Chinese connections

CONSIDERING that the United States does three times as much trade with Taiwan as with mainland China, it is clearly not present or even prospective trade that took the President of the United States to Peking last week.

The best way to get the trip in perspective is to refresh our memory of things that happened in the same part of the world awhile back.

On Jan. 30, 1902, Great Britain signed a ''defensive treaty of alliance'' with Japan. The Encyclopaedia Britannica gives as the reason for the treaty ''the threat of Russian aggression in Manchuria and Korea.''

Czarist Russia 100 years ago was just as expansionist as the Soviet Union is today. Russia was pushing outward then just as it pushes outward now, and in much the same directions. A main preoccupation of British foreign policy during the later years of Queen Victoria's reign was the ''containment'' of Russia.

The British, along with the French, landed an army in the Crimea in 1853 to relieve Russian pressure in Turkey. During the rest of the century the British worried about the Russians breaking down to the Indian Ocean through what is now Afghanistan, Iran, and Pakistan. The British sent expeditions into Afghanistan, primarily to get there ahead of the Russians.

The Afghans were able to take care of themselves in those days. Both Russian and British excursions into those high mountain valleys came to grief. The British Army once occupied Kabul.

By 1900, China was in a state of anarchy. It was incapable of defending itself. The European maritime powers grabbed ''treaty ports'' along the coast and maintained substantial forces in Peking to protect ''the legation quarter.'' The Russians came from overland. They consolidated the present maritime provinces of Siberia. They moved down through Manchuria to the coast at Dairen and Port Arthur. They began pushing into Korea.

The British looked around for local help to contain Russia's push into Asia. The British had sea power, but nothing like enough manpower to be able to challenge Russia on the far side of the world. The answer to their problem was the treaty of alliance with Japan, which remained in force from 1902 to 1923. In 1904 the Japanese attacked Russia.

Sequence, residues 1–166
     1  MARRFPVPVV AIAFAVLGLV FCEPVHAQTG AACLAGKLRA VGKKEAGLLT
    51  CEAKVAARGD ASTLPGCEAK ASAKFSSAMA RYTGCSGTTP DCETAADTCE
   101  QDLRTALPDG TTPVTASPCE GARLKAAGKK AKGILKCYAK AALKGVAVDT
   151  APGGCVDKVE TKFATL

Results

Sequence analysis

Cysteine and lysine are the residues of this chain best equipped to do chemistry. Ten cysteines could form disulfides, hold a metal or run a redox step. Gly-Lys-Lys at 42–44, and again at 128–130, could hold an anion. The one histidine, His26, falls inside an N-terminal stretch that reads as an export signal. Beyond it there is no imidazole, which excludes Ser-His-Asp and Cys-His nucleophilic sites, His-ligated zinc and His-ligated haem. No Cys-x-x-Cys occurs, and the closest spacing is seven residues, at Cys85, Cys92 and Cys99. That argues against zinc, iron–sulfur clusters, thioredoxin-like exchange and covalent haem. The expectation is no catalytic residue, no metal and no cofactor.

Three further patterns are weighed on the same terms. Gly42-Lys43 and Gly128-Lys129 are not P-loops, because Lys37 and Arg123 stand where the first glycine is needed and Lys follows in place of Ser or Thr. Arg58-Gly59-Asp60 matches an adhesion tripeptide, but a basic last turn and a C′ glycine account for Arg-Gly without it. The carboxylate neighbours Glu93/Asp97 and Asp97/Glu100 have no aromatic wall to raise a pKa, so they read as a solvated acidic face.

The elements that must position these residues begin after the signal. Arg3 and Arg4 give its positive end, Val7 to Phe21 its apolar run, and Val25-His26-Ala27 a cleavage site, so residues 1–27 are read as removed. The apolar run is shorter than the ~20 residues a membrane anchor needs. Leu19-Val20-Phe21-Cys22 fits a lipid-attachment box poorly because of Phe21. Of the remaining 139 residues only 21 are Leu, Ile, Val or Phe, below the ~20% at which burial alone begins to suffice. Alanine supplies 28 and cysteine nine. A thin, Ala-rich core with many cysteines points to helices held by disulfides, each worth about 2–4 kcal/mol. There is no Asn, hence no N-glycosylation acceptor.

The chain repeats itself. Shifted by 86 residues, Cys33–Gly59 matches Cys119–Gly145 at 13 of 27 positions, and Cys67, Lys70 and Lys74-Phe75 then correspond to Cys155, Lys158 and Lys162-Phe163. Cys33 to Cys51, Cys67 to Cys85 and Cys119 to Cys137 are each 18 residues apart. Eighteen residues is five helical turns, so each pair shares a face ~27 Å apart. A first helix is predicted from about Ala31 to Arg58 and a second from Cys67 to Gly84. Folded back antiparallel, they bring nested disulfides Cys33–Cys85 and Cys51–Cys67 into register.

The 1902 treaty with Japan achieved Britain's purpose. It stopped Russia. The Russians made no further gains in China or at China's expense until the end of World War II.

Russia was contained in those days by Japan in the Far East; by the Indian Army, under British control, in the Middle East; and by the rising power of Germany in Central Europe.

Times change. Britain no longer controls the Indian Army. Japan no longer has the ability to handle Russian power in Asia by itself. The United States has taken over much of the former British role and is the country most actively occupied now in planning the containment of Soviet power.

The NATO alliance has taken over from Imperial Germany the role of containing Russia in Central Europe. The new US relationship with China, added to the older relationship with Japan, is a mighty barrier in Asia. Japan and China together, both backed by the US, are more than sufficient to the task. The only open frontier the Soviets have now is in the Middle East.

And that is not as open as it might seem. India joins China in protesting against the Soviet presence in Afghanistan. Moscow cannot regain the confidence of either India or China unless it gets out of Afghanistan and refrains from moving into Pakistan and Iran. The US is not the only country with a lively interest in the containment of Soviet power.

There is no ''defensive treaty of alliance'' between the US and China. The wording would seem outdated for these times. But that was the inner meaning of President Nixon's trip to Peking in 1972. The implicit treaty of 1972 was renewed last week by President Reagan. China is today's main barrier to Russian expansion into Asia.

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